BAGHDAD, Iraq – No sooner had U.S. authorities filed rape and murder charges against ex-soldier Steven D. Green than an account of the incident appeared on an Islamist Web site in the name of an insurgent group, the Mujahedeen Army. It promised “harsh punishment” for the alleged crime.

After three years of war, allegations of U.S. soldiers abusing civilians often draw more media attention in the United States than in Iraq. And they generate little more than perfunctory statements from Iraq’s leaders, who depend on American troops for their political and physical survival.

However, such reports do serve to motivate insurgents, who seize upon them for propaganda value. The allegations also undermine public confidence in the U.S.-backed government and complicate America’s hopes of reducing forces.

The alleged rape and murder of an Iraqi girl in Mahmoudiya and the killing of her father, mother and sister last March is just the latest case in point. Green was charged Monday in federal court in Charlotte, N.C., and up to four others still in uniform are under investigation in Iraq.

Such cases – both real and perceived – place Iraq’s civilian leaders in a quandary.

On the one hand, Iraqi leaders cannot disregard the complaints of their own citizens and expect to maintain any credibility. That affects the United States, too, because it is anxious for the new Iraqi government to win public trust.

On the other hand, Iraqi leaders can’t afford to criticize the U.S. military too much, and play into the hands of those who want to see American and other international forces leave soon.

In its Internet account of the Mahmoudiya case, the insurgent group implied that Iraqi authorities did not take the case seriously at first because the victims – like most insurgents – were Sunnis.

All that explains the measured public response of the Iraqi government to the Mahmoudiya case, as well as to other allegations, including claims that U.S. Marines killed about two dozen civilians in Haditha last November.

On Tuesday, Iraq’s justice minister demanded that the U.N. Security Council ensure punishment for those guilty in the rape-slaying, branding the attack “monstrous and inhuman.”

So far, however, no statement has been issued by Iraq’s president or prime minister.

During an interview Sunday with CNN, the Iraqi industry minister, a Kurd, cautioned against drawing conclusions about the rape-slaying based on “purely speculative reports.” He warned that the Mahmoudiya case “will be taken … out of context” by “enemies of the friendly relations between Iraq and the United States.”

The fallout over Mahmoudiya didn’t stop President Jalal Talabani from warmly praising America, telling a Fourth of July reception at the U.S. Embassy that the world “always looked up to the United States for support in their just causes.” Top figures from Shiite, Sunni and Kurdish parties were all in attendance.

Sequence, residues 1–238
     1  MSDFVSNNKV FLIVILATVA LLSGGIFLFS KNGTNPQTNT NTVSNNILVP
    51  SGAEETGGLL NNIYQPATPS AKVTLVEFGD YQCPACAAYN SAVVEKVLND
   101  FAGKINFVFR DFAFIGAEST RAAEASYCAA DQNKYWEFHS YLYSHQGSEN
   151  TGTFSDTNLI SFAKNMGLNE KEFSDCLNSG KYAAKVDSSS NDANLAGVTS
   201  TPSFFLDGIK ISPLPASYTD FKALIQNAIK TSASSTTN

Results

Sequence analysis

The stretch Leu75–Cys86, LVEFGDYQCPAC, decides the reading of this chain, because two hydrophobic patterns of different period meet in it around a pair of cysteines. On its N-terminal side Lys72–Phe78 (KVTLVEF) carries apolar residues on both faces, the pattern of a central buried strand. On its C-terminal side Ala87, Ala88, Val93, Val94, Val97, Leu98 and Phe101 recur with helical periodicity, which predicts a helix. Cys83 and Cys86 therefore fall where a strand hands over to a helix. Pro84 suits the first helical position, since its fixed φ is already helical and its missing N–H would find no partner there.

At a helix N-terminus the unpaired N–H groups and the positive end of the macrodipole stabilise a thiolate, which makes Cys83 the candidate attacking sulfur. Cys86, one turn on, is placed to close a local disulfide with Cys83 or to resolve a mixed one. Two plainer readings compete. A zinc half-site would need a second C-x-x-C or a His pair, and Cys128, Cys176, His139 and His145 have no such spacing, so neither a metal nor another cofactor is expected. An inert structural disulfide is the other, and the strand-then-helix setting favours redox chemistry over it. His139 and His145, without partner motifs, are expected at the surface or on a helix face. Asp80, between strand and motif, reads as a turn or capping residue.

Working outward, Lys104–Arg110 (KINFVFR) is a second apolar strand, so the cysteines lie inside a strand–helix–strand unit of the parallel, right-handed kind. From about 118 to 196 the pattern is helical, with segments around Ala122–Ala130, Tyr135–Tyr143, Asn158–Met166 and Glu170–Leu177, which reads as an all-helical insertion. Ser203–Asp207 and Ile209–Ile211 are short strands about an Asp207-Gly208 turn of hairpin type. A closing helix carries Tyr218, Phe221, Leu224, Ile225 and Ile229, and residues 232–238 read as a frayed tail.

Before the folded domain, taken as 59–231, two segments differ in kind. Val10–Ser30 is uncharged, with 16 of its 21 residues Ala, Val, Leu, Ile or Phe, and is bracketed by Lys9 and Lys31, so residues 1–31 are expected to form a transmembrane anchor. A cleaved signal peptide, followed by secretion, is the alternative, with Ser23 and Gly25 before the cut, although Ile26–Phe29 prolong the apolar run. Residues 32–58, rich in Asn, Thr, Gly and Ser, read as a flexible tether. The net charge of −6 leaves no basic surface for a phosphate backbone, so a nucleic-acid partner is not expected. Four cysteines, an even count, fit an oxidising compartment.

Such words highlight the fact that many Iraqi officials – Shiites, Kurds and Sunnis alike – want the U.S. military to stay for now, and fear that an abrupt drawdown would leave the country in chaos and their own government unable to survive.

The fact that the Mahmoudiya allegations include rape is likely to stir a special sense of outrage in a religiously conservative society where women are sheltered and where sex outside of marriage can bring shame on entire families.

For years the insurgents have spread rumors – roundly denied by U.S. officials – of the systematic rape of Iraqi women held in U.S.-run jails. True or not, the Mahmoudiya case will be seen by many Iraqis as confirmation of those rumors.

“The rape of an Iraqi girl by a bunch of U.S. soldiers who stalked her house summarizes what has been going on in Iraq for the past years,” said Iraq’s biggest Sunni-owned newspaper, Azzaman, under a headline “The Rape of an Honest Woman.”

Such comments, fair or not, resonate within a society where honor and pride are highly esteemed.

Indeed, many Iraqis – even those who see benefits in a continued U.S. military role here – consider the mere presence of foreign soldiers as an affront to their pride.

Such feelings are heightened by the countless petty indignities suffered daily by Iraqis – from delays at checkpoints and random searches of homes to perceived affronts at the hands of soldiers who do not speak their language or understand their culture.

“We disapprove of this shameful crime,” one Baghdad resident, Saad Ali, said of the Mahmoudiya case.

“We ask the U.S. army in the name of humanity and especially in the name of Iraqi honor to leave Iraqi land.”



Robert H. Reid is correspondent at large for The Associated Press and has reported frequently from Iraq since 2003.

AP-ES-07-04-06 1408EDT



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